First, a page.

- Timother Geithner wants to see the Dodd-Frank complaints in writing. Link: Banker, justify thyself.
Mr Secretary-of-the-Treasury wants someone to give him specifics. Because, well, “costly”, “burdensome” and “confusing” are just adjectives.
The trouble is finding a balance: on the one hand, too much regulation makes the banks uncompetitive and less customer service, and stuff; on the other hand, Lehman Brothers.
- Microsoft to introduce Office for iPads. Link: The Best of Both Worlds.
Ah – it’ll be awesome to finally have Word and Excel on the pad. You know, whatever else might be awesome with Mac, I am yet to move over to “Pages” and “Numbers”. And I think that most business-people are the same. Everyone wants a Mac… And the first thing we do is install Microsoft Office.
I’m just surprised that Microsoft have taken so long to do it. I can understand that maybe they didn’t want to hurt sales of their own tablets – but still. Businesses buy iPads, not whatever the Microsoft tablet is called (97% of all business tablets purchased in Q1 2012 were iPads). Think of all the untapped revenue!
- Nasdaq will brief investors later today on Facebook IPO compensation. Link: Payback’s a bitch.
Nasdaq say that they have set aside around $13 million for this. But given the size of the initial offering, does that not seem a little small*? The four largest market-makers** are saying that their losses were almost 10 times that. And that’s not everyone.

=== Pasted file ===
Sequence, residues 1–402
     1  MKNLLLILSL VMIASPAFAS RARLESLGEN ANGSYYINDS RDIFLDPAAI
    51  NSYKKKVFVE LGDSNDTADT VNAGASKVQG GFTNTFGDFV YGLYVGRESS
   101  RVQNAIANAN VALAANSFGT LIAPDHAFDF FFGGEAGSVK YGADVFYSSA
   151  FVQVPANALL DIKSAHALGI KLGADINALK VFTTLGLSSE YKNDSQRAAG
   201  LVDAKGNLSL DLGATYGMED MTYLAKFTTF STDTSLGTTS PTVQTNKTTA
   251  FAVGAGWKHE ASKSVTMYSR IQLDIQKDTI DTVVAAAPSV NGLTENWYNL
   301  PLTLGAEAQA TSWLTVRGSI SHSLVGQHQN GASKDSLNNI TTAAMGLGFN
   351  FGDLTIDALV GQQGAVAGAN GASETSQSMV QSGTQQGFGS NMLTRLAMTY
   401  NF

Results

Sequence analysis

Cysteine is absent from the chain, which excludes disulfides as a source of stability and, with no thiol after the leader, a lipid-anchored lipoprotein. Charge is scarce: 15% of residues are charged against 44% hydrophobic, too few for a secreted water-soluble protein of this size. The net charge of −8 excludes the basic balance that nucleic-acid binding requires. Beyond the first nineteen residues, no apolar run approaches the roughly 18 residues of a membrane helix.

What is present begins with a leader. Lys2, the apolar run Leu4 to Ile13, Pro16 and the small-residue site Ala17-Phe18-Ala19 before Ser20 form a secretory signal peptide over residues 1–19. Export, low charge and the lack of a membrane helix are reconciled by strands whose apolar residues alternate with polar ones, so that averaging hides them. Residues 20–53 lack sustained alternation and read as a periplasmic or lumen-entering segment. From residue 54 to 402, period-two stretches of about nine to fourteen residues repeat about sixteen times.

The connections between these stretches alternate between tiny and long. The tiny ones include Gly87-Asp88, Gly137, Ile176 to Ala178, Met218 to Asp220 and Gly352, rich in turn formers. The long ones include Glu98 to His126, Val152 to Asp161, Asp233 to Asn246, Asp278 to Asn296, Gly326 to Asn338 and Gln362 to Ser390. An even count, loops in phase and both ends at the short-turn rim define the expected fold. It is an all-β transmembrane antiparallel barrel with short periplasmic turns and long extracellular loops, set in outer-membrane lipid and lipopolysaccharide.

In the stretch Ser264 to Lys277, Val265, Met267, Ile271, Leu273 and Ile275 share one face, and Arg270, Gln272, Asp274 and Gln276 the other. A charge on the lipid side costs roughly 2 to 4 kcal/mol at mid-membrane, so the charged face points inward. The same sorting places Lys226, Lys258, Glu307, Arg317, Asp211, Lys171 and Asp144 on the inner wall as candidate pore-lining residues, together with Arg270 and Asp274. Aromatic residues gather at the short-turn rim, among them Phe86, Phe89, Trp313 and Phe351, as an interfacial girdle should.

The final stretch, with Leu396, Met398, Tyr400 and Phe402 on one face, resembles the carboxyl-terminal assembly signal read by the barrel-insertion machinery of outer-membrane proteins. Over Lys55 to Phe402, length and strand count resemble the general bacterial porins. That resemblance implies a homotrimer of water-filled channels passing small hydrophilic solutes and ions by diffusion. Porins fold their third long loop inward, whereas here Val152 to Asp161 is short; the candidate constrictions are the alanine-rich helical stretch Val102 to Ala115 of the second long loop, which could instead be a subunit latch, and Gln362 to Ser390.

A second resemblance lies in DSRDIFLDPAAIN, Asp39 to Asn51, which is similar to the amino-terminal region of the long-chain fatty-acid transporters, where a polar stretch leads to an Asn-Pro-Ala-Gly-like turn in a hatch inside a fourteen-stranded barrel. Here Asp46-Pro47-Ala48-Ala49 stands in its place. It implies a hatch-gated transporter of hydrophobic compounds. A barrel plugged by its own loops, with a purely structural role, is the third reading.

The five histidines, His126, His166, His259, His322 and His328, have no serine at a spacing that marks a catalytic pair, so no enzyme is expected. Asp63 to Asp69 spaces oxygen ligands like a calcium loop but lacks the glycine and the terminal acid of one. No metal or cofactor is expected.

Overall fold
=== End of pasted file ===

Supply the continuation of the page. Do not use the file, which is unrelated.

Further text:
- Starbucks buys a baker. Link: Ready to break bread.
Starbucks has announced the $100 million acquisition of Bay Bread LLC, a San-Fransisco based operator. Their La Boulange brand will boost the food offering in Starbucks stores in a higher-quality direction.
They just mustn’t take it to France. Because the French will take one look at “La Boulange” and storm off furiously in the opposite direction, making loud and huffy comments about “the American Bastardization” of the french tongue***.
- China attempts to restore investor trust. Link: Trust us – we want to play fair.
Since Guo Shuqing took over as head of the China Securities Regulatory Commission seven months ago, he’s been reforming the exchanges****. According to Guo, the current focus is “improving the fair play of the market”.
This has been accomplished by encouraging companies to pay cash dividends, and making attempts to improve the speed with which qualifying foreign investors are declared qualified.
Cash is king – so dividends do tend to make stocks more trustworthy. But really, I think that the best way to bring trust into a market is to open it up. The more investors there are, the more monitored a market becomes because investors vote with their money.
Will China really do that?
That’s all for now.
Have a good day.
*The correct answer is “Yes it does”. Almost 400 million shares were issued. The prices at which the delays happened all floated around the $42 mark, even though the official IPO price was $38. That’s $16.8 billion of market cap. $13 million is about 0.0008% of that. Or, rather, that the loss per share was capped at 3 cents.
**A market-maker acts as the middle-man on a dealer-driven exchange. The market-maker buys from the people selling, and sells to the people buying – effectively setting the bid-ask spread and “making a market” for the trade.
***La Boulange is good french-sounding non-french. Choquant ce que les Americains ont fait. Les bâtards!
****Although I reckon that the Chinese word for “reform” combines symbols meaning “slow” and “occasionally disingenuous”. Actually, after some googling, it turns out that it combines the symbols for “change” and “animal skins”. And my mind leaps to “can a leopard change its spots?”